I have been tracking a patch for the portaudio library, and I wonder if I'm tracking properly:

Searching launchpad for the version number given by the Debian source (as seen in the link I just mentioned), it looks to me like this patch has been incorporated in the forthcoming Groovy (20.10) release lately, and for the time being not backported to any existing release.

Am I tracking right for such a matter?

And judging by the version numbering scheme (to which I am alien) what could one say, as a speculation, about the odds of this patch making it to already released Ubuntu versions such as the latest LTS (20.04 AFAIK).



You are correct. The patch is in Groovy.

Let's review how to confirm:

  1. You already did the hard part: You found the patch in Debian.
  • Information: One line in the patch header includes the Debian bug number (944509), which is very handy:

    Bug-Debian: https://bugs.debian.org/cgi-bin/bugreport.cgi?bug=944509
  1. You found the lowest version of Portaudio19 that includes the patch from either the URL, the web page, or the changelog: 19.6.0-1.1

  2. You checked Ubuntu for the releases that include that version or higher...

    $ rmadison portaudio19
      portaudio19 | 19+svn20111121-1       | precise         | source
      portaudio19 | 19+svn20140130-1       | trusty          | source
      portaudio19 | 19+svn20140130-1build1 | xenial          | source
      portaudio19 | 19.6.0-1               | bionic/universe | source
      portaudio19 | 19.6.0-1build1         | focal/universe  | source
      portaudio19 | 19.6.0-1.1             | groovy/universe | source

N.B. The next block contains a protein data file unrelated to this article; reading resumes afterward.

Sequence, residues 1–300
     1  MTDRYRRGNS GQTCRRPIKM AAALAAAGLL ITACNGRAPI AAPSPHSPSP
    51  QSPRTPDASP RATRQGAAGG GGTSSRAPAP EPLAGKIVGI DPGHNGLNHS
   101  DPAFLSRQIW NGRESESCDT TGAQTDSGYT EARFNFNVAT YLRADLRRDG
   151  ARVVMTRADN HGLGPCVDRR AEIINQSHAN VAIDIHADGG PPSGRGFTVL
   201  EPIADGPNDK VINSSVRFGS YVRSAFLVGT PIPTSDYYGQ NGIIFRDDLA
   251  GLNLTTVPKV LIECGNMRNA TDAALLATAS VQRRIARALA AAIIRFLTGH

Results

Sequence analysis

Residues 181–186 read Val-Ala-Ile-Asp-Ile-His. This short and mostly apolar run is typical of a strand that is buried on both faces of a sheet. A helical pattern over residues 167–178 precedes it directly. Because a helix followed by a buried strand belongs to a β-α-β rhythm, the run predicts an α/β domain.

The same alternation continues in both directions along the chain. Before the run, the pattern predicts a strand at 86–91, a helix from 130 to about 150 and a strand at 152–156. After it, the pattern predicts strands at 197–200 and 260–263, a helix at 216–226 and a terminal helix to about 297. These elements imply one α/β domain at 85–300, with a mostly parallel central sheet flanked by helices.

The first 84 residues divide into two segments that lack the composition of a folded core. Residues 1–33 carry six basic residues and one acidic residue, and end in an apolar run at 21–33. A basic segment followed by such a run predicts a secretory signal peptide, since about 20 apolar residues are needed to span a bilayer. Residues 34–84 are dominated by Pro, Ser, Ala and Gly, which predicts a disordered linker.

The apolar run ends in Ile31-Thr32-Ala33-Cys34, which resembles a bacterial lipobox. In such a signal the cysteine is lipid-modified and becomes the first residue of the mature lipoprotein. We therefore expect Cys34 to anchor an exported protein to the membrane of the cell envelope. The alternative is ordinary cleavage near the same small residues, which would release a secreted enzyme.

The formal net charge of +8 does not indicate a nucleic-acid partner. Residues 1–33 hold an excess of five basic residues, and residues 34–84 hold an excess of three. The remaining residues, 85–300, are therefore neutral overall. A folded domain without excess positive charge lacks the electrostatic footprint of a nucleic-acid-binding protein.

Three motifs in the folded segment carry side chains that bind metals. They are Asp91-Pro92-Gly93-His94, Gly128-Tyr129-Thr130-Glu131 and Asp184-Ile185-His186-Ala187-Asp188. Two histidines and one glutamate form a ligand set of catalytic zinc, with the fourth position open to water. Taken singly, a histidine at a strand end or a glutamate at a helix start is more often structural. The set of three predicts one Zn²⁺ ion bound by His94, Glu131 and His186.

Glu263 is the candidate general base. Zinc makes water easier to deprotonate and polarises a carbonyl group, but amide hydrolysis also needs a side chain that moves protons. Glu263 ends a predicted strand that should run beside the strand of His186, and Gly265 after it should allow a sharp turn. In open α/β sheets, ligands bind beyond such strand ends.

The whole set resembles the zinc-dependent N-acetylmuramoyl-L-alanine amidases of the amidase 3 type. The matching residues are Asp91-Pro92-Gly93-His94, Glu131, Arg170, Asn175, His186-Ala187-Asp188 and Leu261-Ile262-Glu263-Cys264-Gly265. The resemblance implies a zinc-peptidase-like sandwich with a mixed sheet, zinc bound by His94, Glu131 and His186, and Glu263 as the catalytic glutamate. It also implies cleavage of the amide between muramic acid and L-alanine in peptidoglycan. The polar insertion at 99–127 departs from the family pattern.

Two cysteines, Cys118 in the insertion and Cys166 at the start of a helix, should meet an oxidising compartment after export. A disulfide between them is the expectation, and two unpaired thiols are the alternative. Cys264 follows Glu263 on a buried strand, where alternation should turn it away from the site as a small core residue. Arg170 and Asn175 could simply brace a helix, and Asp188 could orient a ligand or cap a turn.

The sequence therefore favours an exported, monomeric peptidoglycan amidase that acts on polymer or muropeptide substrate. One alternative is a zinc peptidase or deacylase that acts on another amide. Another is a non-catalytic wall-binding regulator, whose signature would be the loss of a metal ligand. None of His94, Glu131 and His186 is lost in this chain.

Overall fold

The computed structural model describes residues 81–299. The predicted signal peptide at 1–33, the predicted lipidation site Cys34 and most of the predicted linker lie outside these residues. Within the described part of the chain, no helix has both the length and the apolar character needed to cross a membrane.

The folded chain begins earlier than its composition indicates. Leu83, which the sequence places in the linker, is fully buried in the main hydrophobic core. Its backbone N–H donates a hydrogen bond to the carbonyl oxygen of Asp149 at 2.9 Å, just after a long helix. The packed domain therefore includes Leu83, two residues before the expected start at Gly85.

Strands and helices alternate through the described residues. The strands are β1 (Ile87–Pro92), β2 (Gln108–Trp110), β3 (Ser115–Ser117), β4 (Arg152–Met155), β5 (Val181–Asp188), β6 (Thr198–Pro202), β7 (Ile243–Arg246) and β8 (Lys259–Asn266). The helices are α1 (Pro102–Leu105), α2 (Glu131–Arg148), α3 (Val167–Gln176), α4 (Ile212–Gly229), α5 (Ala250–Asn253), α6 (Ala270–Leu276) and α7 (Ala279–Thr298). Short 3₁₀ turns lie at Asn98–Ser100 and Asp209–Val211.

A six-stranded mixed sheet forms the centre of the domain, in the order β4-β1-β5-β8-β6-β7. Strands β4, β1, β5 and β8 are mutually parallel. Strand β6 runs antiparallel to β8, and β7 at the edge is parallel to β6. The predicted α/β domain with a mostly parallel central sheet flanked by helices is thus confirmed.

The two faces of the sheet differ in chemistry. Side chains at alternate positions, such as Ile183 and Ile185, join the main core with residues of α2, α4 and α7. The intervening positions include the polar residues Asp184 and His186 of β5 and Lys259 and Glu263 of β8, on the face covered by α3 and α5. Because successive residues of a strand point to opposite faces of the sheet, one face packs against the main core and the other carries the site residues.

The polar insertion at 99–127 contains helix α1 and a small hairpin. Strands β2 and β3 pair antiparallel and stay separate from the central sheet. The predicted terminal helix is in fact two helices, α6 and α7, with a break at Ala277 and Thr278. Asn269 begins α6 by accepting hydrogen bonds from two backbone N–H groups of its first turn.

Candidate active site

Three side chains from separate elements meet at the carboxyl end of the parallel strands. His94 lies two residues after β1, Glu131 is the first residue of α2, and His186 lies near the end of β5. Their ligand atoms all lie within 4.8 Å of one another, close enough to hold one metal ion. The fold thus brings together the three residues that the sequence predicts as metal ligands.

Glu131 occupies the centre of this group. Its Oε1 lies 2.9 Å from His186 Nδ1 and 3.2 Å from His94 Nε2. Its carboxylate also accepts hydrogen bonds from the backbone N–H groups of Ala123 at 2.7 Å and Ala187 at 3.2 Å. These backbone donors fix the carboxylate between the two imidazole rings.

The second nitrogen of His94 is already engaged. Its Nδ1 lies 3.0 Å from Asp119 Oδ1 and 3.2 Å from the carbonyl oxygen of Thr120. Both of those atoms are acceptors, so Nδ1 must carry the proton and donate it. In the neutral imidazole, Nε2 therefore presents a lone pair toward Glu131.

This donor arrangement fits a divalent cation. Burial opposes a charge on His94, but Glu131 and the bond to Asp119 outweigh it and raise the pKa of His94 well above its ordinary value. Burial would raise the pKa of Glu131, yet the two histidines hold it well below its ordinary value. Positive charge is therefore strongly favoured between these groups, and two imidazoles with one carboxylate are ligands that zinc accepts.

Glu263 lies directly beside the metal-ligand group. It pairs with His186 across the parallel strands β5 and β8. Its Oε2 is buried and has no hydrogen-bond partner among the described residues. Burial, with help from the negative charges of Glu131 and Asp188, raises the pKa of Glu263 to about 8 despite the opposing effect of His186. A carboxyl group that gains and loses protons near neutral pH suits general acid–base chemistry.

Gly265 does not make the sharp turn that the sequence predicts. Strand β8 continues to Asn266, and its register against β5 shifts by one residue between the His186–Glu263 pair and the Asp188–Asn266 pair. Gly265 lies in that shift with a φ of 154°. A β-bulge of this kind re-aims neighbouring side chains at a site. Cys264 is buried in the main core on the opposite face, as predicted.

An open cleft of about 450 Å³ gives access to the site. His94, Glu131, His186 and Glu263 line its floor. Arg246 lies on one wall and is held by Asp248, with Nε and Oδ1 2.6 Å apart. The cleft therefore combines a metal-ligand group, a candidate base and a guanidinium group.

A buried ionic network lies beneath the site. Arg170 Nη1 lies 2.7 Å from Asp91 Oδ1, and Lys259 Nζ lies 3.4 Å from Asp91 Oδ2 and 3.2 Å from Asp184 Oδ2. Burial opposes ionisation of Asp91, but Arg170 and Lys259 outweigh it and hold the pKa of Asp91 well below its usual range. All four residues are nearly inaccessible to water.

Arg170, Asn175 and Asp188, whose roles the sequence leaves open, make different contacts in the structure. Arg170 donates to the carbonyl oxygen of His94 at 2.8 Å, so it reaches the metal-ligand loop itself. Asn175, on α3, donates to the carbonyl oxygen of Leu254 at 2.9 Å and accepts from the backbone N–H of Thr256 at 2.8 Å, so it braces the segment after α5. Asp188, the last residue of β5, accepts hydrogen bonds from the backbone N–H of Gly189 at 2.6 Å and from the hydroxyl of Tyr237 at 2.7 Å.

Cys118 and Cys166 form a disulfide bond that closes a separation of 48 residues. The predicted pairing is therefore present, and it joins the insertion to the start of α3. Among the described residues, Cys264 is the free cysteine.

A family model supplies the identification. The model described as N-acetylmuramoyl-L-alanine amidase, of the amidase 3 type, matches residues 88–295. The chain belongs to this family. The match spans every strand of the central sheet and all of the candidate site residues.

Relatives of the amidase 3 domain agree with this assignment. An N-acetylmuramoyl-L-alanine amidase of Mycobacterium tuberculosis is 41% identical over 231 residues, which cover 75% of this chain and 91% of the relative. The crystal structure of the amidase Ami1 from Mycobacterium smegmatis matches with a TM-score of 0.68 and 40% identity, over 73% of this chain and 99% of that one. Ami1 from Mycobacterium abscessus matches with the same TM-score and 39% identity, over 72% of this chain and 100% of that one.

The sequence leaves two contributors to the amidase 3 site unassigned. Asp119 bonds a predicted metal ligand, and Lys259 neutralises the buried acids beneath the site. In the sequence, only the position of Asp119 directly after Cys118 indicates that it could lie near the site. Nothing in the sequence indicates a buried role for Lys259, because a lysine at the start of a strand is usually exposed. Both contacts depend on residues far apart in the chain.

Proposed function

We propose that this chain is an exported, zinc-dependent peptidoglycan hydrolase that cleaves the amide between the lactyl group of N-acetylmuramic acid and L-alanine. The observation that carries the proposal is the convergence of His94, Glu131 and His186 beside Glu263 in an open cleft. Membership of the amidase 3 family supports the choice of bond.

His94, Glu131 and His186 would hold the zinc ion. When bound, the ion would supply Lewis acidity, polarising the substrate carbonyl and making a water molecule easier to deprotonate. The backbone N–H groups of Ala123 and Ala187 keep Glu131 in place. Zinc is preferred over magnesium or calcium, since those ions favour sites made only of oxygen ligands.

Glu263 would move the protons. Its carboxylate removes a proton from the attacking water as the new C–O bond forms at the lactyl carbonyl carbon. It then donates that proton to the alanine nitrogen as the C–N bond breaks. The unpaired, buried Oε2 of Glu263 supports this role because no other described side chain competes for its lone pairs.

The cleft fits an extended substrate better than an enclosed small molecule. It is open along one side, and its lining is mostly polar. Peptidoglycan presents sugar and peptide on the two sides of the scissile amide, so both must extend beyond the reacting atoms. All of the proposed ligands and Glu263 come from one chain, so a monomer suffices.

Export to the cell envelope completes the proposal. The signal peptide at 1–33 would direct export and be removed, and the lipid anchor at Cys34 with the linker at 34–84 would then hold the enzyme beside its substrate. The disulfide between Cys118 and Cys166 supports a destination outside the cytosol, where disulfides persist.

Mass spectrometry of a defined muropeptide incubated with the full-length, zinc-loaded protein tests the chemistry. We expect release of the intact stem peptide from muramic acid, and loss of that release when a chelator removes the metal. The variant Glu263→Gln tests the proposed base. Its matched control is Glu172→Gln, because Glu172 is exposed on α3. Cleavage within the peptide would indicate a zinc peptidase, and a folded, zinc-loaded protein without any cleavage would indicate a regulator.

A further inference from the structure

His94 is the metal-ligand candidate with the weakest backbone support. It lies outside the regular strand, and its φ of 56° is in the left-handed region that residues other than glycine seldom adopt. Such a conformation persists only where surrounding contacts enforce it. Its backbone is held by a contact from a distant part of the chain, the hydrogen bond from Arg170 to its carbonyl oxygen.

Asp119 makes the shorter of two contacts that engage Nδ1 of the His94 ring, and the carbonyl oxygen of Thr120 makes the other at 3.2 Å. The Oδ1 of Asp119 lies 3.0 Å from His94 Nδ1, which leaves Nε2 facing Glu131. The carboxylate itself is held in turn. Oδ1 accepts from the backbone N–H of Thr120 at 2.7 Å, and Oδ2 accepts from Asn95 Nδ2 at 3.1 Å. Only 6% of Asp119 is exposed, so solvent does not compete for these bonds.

...so Bionic definitely does NOT have the patch, Focal might (or might not), and Groovy definitely does have the patch.

Let's look more deeply into Focal. Here's the changelog on launchpad.net for the Focal package. The lack of a patch mention or a bug number in the changelog is a flare-lit tip-off that Focal does NOT have the patch:

portaudio19 (19.6.0-1build1) focal; urgency=medium

  • No-change rebuild for libgcc-s1 package name change.

Finally, let's double-check that the patch is in Groovy. Here's the changelog. The mention of the patch, with the corresponding correct Debian bug number is conclusive proof that the patch in question was applied in this build.

portaudio19 (19.6.0-1.1) unstable; urgency=medium

  • Non-maintainer upload.
  • Apply crash fix patch (Closes: #944509)

BONUS: See how the Groovy version was a "Non-maintainer upload?" That often means that the volunteer Debian package maintainer welcomes help keeping the package up to date. It's not difficult or time-consuming, and it's a great way to contribute to Ubuntu. Debian (and Ubuntu) welcome new volunteers to learn the skills and contribute a bit of effort to keep everybody's favorite distro going strong.

| improve this answer | |
  • Thanks a million, and I will revisit whenever I go through a similar drill! – matanster Sep 26 at 18:51
  • So just for exercise sake, if this patch is introduced as an update for Focal Fossa in the future, would it show on the very same changelog, and on the rmadison portaudio19 command at that time? or would that kind of information be available only elsewhere given that it's not a version release but an update? – matanster Sep 26 at 18:57
  • It would show on the changelog, which is a great way to find the version number. Then you can check rmadison to see which releases have that version (or higher). – user535733 Sep 26 at 19:05
  • Sorry, but I have to admit I did not understand how things would look in case an update to a library was introduced as an update to an already released version, e.g. for example sake, as an update to Focal Fossa. Will any of the information outlets indicate whether the library update was part of the image install v.s. an update that gets installed by Ubuntu's software updates feature? – matanster Sep 28 at 8:59
  • Depends upon if the new upstream release fixed a critical bug or vulnerability. If so, upstream will usually also release a patch. New releases of Ubuntu get the new release, and their changelog will say "New Upstream Release version X.Y.Z". Old releases of Ubuntu get the patch (or nothing if it's not a critical fix), and their changelog will say "Patch to fix blah (Bug#)" Backporting new upstream releases to older versions of Ubuntu is very rare. – user535733 Sep 28 at 13:28

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